It’s time to fight back. Florida governor Rick DeSantis signed a bill Monday that allows conservatives to take the fight to Silicon Valley if they are unfairly targeted and censored by large social media companies with too much power. The bill allows “any person to sue Big Tech companies for up to $100,000 in damages” for “deplatforming.”
“This session, we took action to ensure that ‘We the People’ — real Floridians across the Sunshine State — are guaranteed protection against the Silicon Valley elites,” DeSantis says. “Many in our state have experienced censorship and other tyrannical behavior firsthand in Cuba and Venezuela. If Big Tech censors enforce rules inconsistently, to discriminate in favor of the dominant Silicon Valley ideology, they will now be held accountable.”
“Florida’s Big Tech Bill gives every Floridian the power to fight back against deplatforming and allows any person to sue Big Tech companies for up to $100,000 in damages,” DeSantis later tweeted. “Today, we level the playing field between celebrity and citizen on social media.”
So how does the law work? The Governor’s office explains:
“All Floridians treated unfairly by Big Tech platforms will have the right to sue companies that violate this law — and win monetary damages. This reform safeguards the rights of every Floridian by requiring social media companies to be transparent about their content moderation practices and give users proper notice of changes to those policies, which prevents Big Tech bureaucrats from ‘moving the goalposts’ to silence viewpoints they don’t like.”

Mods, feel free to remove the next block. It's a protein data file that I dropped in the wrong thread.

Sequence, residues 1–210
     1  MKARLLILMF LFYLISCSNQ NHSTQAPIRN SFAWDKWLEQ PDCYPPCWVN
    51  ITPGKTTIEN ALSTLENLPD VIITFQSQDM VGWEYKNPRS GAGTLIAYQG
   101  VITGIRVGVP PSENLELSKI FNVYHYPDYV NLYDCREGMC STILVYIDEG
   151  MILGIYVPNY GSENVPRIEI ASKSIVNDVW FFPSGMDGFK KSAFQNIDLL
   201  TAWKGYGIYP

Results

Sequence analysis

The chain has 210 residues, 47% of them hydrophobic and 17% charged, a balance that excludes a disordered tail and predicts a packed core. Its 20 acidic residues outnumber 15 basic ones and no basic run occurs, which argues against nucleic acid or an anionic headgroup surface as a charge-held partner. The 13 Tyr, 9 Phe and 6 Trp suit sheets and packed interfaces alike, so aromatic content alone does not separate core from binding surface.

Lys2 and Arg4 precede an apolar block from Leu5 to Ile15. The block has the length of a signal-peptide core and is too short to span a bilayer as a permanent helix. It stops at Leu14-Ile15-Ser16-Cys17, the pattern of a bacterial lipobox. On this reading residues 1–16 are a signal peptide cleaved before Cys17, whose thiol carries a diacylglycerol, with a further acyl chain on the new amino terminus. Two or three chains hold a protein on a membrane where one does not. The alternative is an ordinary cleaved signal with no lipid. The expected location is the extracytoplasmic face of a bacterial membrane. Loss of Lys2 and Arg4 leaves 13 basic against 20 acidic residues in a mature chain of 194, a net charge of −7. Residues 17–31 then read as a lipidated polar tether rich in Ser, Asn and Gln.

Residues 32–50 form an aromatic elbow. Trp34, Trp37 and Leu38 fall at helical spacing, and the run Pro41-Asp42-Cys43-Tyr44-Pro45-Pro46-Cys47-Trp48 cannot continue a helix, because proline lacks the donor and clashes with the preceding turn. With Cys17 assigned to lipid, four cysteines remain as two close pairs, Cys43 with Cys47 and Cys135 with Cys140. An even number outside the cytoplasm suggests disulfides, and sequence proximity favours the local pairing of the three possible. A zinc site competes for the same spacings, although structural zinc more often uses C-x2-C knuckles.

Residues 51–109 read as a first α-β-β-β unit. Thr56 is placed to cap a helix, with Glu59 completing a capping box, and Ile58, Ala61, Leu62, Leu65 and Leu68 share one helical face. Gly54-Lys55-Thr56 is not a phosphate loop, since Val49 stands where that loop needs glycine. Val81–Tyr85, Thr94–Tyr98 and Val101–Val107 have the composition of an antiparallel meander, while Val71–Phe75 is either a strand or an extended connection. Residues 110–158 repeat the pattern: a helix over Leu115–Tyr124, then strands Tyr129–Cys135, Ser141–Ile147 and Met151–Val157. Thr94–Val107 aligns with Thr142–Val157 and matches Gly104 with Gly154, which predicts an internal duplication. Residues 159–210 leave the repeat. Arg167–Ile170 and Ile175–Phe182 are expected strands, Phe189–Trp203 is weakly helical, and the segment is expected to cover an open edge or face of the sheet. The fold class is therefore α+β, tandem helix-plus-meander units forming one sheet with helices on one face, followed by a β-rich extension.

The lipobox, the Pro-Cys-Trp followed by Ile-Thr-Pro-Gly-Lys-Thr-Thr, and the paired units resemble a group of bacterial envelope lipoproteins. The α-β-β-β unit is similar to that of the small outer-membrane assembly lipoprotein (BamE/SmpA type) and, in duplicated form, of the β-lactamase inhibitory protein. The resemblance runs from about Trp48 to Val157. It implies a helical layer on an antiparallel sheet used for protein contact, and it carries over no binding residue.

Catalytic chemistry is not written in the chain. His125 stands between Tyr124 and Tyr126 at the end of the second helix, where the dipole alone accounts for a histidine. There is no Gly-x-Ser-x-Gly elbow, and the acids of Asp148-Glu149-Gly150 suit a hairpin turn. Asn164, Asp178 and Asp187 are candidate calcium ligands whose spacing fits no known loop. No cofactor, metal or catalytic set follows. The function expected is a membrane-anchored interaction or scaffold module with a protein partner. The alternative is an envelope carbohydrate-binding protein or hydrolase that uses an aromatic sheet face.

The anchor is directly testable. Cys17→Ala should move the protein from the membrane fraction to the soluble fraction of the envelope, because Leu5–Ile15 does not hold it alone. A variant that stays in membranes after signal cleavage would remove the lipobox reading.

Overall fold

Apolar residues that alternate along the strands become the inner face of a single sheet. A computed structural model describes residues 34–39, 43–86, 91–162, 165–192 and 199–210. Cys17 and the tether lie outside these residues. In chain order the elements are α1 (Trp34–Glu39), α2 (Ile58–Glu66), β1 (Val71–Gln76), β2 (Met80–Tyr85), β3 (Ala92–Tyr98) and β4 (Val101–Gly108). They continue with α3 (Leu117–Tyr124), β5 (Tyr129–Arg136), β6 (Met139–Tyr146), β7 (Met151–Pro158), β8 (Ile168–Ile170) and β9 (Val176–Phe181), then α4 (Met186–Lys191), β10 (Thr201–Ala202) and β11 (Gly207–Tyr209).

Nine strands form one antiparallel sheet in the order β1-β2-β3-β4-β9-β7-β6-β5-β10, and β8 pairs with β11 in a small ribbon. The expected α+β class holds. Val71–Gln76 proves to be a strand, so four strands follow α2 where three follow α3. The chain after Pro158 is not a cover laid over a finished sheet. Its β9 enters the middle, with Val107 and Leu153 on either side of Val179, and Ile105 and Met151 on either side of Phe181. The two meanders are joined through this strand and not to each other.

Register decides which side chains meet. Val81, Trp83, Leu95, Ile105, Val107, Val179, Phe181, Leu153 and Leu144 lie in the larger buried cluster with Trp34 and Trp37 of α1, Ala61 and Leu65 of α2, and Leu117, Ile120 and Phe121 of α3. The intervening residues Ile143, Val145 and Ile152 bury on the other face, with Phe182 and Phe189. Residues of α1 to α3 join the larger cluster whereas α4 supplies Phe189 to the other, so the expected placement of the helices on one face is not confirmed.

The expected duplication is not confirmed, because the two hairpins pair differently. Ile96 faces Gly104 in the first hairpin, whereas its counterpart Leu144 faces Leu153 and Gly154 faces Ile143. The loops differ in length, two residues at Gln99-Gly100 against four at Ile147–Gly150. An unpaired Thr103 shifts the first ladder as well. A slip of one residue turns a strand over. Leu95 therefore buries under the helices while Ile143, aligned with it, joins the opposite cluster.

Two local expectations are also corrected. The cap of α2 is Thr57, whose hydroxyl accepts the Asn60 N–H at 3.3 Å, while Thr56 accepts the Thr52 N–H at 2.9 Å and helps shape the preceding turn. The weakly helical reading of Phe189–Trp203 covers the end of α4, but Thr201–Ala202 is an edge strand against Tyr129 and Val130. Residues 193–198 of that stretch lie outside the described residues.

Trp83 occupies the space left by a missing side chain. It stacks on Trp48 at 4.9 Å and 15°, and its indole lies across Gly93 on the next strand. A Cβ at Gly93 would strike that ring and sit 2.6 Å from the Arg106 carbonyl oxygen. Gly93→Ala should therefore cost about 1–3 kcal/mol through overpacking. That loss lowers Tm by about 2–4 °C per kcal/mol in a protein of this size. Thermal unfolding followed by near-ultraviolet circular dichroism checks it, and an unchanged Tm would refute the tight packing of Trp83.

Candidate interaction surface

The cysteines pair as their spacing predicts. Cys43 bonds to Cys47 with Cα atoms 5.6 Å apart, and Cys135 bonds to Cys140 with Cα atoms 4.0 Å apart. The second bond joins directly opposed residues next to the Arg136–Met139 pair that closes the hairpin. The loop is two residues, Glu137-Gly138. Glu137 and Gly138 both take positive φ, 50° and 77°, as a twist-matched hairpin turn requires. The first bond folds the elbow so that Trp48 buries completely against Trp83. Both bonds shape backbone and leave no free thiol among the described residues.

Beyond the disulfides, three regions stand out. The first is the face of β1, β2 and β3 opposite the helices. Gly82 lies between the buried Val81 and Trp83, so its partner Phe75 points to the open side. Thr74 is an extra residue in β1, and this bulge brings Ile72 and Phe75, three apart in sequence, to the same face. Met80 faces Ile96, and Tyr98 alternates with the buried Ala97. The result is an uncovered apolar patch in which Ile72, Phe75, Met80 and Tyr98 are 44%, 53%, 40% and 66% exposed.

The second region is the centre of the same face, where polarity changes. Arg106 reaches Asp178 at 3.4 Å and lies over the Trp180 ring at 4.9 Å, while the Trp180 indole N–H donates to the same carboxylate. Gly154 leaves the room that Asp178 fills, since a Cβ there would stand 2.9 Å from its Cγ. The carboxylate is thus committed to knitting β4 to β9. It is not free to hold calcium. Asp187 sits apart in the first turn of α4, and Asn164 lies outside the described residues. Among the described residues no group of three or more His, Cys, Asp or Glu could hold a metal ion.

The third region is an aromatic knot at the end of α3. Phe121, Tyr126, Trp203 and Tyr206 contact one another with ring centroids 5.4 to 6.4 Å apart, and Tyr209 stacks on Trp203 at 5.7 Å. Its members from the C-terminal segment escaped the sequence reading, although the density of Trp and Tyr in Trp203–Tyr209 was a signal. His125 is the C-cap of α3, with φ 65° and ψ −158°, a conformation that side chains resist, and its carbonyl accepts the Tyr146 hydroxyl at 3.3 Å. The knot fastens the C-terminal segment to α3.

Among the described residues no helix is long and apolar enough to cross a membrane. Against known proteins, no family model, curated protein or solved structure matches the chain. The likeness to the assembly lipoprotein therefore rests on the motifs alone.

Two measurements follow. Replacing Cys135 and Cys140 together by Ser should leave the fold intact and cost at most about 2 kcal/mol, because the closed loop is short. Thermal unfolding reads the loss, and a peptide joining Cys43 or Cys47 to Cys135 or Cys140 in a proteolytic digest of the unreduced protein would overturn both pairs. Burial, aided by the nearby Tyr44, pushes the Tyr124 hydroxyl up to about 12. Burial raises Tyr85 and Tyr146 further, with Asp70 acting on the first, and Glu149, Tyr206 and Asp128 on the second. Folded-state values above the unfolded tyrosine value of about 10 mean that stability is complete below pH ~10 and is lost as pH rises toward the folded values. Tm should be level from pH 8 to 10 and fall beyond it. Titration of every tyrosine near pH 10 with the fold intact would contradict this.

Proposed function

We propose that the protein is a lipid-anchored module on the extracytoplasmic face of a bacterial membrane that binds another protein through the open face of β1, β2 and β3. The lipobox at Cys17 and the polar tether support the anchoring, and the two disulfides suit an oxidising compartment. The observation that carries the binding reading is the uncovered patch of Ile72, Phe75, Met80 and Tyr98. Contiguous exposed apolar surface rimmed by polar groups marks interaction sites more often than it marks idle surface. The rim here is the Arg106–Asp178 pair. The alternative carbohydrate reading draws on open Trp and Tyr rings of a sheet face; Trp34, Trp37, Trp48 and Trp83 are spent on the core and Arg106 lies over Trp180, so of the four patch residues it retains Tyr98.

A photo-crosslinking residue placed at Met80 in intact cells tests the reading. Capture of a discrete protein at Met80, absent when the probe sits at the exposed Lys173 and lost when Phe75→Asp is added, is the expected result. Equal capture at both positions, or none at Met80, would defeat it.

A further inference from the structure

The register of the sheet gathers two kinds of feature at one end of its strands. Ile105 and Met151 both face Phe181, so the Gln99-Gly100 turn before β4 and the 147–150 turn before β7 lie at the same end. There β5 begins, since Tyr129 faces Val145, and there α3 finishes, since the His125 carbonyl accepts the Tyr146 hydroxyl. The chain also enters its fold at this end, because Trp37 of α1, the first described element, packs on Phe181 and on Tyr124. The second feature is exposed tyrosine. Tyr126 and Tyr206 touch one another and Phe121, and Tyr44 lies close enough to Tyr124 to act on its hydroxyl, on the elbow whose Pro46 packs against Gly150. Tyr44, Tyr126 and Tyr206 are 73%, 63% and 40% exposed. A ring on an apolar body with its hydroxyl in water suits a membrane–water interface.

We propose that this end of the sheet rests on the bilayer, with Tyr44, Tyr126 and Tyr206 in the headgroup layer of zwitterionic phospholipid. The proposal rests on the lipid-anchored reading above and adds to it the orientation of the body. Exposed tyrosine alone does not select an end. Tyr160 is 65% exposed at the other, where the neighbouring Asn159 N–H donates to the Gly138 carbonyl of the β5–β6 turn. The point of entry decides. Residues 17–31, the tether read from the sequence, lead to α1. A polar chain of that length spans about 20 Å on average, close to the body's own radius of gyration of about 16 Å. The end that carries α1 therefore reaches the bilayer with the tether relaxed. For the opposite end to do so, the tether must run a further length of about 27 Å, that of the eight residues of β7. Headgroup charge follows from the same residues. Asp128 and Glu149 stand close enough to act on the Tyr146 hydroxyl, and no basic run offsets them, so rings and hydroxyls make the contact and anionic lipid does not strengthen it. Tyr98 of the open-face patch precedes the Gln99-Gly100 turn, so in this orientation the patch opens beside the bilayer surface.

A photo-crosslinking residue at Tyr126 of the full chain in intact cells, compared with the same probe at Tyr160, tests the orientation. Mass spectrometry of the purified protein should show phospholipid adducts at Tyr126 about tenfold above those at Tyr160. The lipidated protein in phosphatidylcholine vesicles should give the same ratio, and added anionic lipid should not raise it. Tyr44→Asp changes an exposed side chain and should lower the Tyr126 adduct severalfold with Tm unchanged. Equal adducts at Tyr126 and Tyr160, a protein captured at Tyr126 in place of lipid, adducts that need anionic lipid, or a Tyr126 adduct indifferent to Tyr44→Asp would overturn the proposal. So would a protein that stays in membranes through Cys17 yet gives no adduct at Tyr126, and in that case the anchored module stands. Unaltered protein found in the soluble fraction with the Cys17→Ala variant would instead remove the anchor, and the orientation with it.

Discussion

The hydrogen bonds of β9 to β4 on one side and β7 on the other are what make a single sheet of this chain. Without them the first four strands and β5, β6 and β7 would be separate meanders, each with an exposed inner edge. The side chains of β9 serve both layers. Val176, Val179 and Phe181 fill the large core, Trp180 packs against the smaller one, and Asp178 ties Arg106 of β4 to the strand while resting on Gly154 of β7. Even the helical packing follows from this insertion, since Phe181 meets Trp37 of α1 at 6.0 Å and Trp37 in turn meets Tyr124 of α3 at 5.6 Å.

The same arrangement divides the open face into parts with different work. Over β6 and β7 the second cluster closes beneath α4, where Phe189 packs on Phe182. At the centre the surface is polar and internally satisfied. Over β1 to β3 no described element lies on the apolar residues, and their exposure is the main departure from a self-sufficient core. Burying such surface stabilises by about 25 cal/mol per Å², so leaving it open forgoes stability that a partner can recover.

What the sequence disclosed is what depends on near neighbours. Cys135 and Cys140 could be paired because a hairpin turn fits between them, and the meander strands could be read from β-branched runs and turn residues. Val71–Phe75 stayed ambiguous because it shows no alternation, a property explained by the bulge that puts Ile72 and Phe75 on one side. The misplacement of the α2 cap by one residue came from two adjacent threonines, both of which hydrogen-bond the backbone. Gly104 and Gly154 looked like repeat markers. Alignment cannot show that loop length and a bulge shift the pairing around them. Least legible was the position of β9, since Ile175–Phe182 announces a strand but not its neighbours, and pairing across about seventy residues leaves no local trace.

But that’s not all! The law empowers Florida’s Attorney General to “bring action against technology companies that violate this law, under Florida’s Unfair and Deceptive Trade Practices Act,” and “if social media platforms are found to have violated antitrust law, they will be restricted from contracting with any public entity. That ‘antitrust violator’ blacklist imposes real consequences for Big Tech oligopolies’ bottom line.”
“Big Tech is prohibited from de-platforming Floridian political candidates,” DeSantis says. “The Florida Election Commission will impose fines of $250,000 per day on any social media company that de-platforms any candidate for statewide office, and $25,000 per day for de-platforming candidates for non-statewide offices. Any Floridian can block any candidate they don’t want to hear from, and that is a right that belongs to each citizen — it’s not for Big Tech companies to decide.” This protects future elections from interference when Big Tech decides they don’t like a candidate.
This law will serve as a useful tool for conservatives to speak freely without large California-based companies deciding whether or not they, like the rest of us, deserve freedom of speech.